When it comes to financial matters, it's just good business to consider the enemy of your friend a potential ally in the future.
Wednesday's Washington Post reports, "Commercial banks and high-flying investment firms have shifted their political contributions toward Republicans in recent months amid harsh rhetoric from Democrats about fat bank profits, generous bonuses and stingy lending policies on Wall Street."
Dan Eggen and Tomoeh Murakami Tse write:
The wealthy securities and investment industry, for example, went from giving 2 to 1 to Democrats at the start of 2009 to providing almost half of its donations to Republicans by the end of the year, according to new data compiled for The Washington Post by the Center for Responsive Politics.
Commercial banks and their employees also returned to their traditional tilt in favor of the GOP after a brief dalliance with Democrats, giving nearly twice as much to Republicans during the last three months of 2009, the data show. At the same time, total political donations by the major banks and investment houses alike dropped in the waning months of that year.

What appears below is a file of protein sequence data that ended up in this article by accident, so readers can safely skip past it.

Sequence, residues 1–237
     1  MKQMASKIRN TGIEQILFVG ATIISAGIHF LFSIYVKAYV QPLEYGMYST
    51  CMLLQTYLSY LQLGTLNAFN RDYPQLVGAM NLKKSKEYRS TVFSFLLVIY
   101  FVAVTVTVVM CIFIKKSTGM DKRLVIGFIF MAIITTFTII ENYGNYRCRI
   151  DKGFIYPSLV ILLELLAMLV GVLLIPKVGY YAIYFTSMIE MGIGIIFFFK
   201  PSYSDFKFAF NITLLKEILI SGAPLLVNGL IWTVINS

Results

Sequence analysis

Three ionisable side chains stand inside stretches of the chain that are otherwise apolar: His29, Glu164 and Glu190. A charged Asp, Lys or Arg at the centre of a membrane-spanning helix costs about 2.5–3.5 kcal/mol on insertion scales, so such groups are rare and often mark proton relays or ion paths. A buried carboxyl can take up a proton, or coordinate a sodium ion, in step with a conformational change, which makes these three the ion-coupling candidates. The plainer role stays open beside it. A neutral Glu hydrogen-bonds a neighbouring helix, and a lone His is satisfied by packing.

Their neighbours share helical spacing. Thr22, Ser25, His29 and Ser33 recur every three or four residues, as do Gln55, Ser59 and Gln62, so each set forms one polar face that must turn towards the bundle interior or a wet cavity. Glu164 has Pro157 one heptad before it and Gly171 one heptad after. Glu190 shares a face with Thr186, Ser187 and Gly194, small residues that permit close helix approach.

The paper notes that this "nascent shift came even before the White House announced proposals for a new tax on banks and a curb on some of their riskiest trading activities."
"One Democratic-leaning firm that has signaled particular displeasure with the administration's direction is J.P. Morgan Chase, which is headed by Obama supporter James Dimon and features several other prominent Democrats in its upper ranks," the Post article adds. "The bank and its employees, who doled out nearly $500,000 in federal contributions last year, went from giving 76 percent of the money to Democrats in the first quarter to giving 73 percent to Republicans in the fourth."
Last July, The New York Times reported about the bonds between the White House and Dimon.
Jamie Dimon, the head of JPMorgan Chase, will hold a meeting of his board here in the nation’s capital for the first time on Monday, with a special guest expected: the White House chief of staff, Rahm Emanuel.